The Delta Flyers: Sixteen Bars
Twelve bar blues are very common. The chord progression over twelve bars of music typifies the blues — but this is sixteen. When we noticed the title of this CD, the thought occurred that it could be in reference to an old fashioned Irish “pub crawl” but perhaps through the Mississippi Delta to sixteen juke joints and honky tonks. The lyrics to the title track, track two on the CD, clear up the issue. The song refers to the number of bars on the jail cell door that houses the subject of the song.
“61 Highway Blues” opens the album with singer/songwriter Steve Dupree’s tenor voice complaining that the title’s thoroughfare “sure can be a mean old road.” Sixteen Bars consists of ten original compositions. Guitarist Travis Stephenson co-wrote seven of the tracks along with DuPree. Credits are listed for percussion, bass, and backing vocals but the emphasis is clearly on DuPree and Stephenson.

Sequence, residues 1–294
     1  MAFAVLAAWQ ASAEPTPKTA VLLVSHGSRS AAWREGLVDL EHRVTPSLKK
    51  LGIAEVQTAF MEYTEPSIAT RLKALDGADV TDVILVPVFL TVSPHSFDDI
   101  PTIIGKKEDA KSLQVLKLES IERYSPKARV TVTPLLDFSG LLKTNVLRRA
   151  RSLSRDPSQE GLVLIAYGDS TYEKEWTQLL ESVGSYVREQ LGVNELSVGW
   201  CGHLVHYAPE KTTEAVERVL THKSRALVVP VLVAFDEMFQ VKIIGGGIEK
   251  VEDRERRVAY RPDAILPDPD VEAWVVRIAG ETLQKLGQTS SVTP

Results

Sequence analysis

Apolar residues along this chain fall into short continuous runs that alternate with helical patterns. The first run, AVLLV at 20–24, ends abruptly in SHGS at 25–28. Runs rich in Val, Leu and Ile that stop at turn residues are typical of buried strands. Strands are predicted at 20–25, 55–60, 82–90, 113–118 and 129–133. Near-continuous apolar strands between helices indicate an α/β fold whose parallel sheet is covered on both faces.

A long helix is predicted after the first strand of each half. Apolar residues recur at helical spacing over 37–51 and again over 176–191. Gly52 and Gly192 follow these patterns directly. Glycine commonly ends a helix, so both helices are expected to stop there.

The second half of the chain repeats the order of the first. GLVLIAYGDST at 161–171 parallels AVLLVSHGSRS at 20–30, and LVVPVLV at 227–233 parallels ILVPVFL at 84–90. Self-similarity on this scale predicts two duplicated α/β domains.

The press release bills DuPree as “Mississippi saxophone” player and oddly, on this album, he doesn’t play sax. He does play a mean harmonica and displays a smooth synergy with Stephenson’s resophonic guitar. In a throw back to the roots of the blues, several, actually most, of DuPree’s compositions come across as chants – there are too many words for the number of notes played. He pulls it off though. If you’re hearing this in a rural honky tonk, about three sheets to the wind, who cares? Slap your knee, share a laugh out loud, and buy another round!
Sixteen Bars is available from Amazon, CDBaby, and the Delta Flyers’ web site. It was released on January 4, 2011.